By: Christine Burns,
Office of Coast Survey Precision Navigation Fellow
For the past five years, my typical field day was spent waist deep in marsh mud wielding the tools I needed for success: sunscreen, bug spray (lots of it), and a GPS. My work day as an environmental scientist and salt marsh ecologist is a very different world from the one I recently jumped into as a Knauss Fellow in NOAA’s Office of Coast Survey, the nation’s nautical chart makers.
The Knauss Fellowship brings scientists and other professionals into the marine policy realm. A few months ago, I moved from Savannah, Georgia to Silver Spring, Maryland and traded my mud-caked marine scientist field clothes for a neatly pressed blazer. This shift in worlds provides me with a whole new perspective on what NOAA does. Since coming to Silver Spring, I have quickly learned that the navigation services provided by NOAA through my office and others are critical to our nation’s economy.
As a graduate student living in Savannah, the fourth busiest port in the nation for containerized cargo, I often stopped along the riverfront to watch ships coming into port. These ships are like moving skyscrapers towering over the city of Savannah, and I always enjoyed watching them trudge up and down the river from the city waterfront. Other than watching the ships go by, I never thought much about the complexity and challenges of marine commerce.
As a Fellow in the Office of Coast Survey, I am now immersed in the world of maritime commerce. Coast Survey was created in 1807 by Thomas Jefferson to help our young nation with safe shipping, national defense, and maritime boundaries. In 1970, the U.S. Coast and Geodetic Survey (now Coast Survey), the Weather Bureau, and the U.S. Commission of Fish and Fisheries were brought together with the establishment of NOAA. At Coast Survey, we along with many of the offices in NOAA provide critical information to mariners as they navigate U.S. waters.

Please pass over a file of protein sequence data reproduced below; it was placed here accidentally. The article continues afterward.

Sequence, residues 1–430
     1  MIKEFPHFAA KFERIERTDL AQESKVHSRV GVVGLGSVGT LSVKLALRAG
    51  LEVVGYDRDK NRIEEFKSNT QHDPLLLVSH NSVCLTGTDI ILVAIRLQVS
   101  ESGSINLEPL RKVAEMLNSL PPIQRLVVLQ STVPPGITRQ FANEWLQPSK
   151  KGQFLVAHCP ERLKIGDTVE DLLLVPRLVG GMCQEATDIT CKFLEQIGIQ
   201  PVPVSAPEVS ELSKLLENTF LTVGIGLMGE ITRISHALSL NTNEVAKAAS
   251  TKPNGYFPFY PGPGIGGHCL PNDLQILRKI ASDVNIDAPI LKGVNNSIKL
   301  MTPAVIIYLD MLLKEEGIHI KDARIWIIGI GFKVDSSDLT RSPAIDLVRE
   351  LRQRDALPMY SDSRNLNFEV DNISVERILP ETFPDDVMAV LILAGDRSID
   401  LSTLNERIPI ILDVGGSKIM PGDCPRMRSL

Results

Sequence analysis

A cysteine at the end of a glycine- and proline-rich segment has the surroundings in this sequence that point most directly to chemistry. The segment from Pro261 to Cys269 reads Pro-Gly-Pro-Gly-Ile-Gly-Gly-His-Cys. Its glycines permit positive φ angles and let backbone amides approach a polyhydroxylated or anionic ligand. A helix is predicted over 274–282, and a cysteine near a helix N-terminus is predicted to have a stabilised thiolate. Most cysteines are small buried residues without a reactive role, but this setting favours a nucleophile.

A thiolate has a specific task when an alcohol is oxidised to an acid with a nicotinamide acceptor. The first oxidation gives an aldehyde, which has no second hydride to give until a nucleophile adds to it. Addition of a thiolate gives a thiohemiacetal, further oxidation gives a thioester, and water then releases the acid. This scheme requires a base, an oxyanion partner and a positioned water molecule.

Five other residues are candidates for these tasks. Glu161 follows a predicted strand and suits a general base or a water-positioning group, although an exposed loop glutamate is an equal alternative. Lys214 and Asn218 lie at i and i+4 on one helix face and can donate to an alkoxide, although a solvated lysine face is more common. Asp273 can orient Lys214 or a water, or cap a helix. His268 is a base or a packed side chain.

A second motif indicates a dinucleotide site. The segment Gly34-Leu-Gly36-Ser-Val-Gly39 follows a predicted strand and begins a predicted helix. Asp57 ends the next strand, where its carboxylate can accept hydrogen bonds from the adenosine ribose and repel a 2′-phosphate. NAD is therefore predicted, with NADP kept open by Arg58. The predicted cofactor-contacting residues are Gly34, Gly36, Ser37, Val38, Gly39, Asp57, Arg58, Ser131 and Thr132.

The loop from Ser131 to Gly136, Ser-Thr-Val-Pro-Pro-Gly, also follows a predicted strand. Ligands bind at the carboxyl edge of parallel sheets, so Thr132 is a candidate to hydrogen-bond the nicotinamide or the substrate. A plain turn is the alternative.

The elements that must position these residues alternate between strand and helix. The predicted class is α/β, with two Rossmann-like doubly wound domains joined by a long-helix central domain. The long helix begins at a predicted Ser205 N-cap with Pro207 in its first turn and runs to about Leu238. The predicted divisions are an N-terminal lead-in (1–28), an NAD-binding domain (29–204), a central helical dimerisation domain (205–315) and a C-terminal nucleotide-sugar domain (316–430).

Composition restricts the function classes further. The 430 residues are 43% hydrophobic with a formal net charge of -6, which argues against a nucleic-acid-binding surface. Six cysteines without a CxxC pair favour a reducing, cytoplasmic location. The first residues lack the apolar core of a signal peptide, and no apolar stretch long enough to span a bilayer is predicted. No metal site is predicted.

One of the projects that I am a part of is working to facilitate safer and more efficient marine navigation in U.S. ports, by integrating all of NOAA’s maritime data into one location. This requires collaborations across the many offices in NOAA. After three and a half months working in Silver Spring, this project took me back to Savannah to not only watch the ships go by, but also go behind the scenes. While on this trip, our team met with the Georgia Port Authority and the pilot companies who specialize in navigating these large ships into port of Savannah. We discussed the difficulties that mariners face when navigating increasingly larger ships into the port of Savannah and how NOAA may be able to improve our navigation services to facilitate safer and more efficient navigation.
Even in just the few months that I have been here, this fellowship has really broadened my horizons. I did not understand the navigation challenges of shipping or NOAA’s role in addressing those. Working at the Office of Coast Survey has given me the opportunity to step onto the bridge of one of these ships (figuratively) and see maritime commerce through their perspective. I am looking forward to continuing to expand my understanding through visits to other NOAA stakeholders in different ports.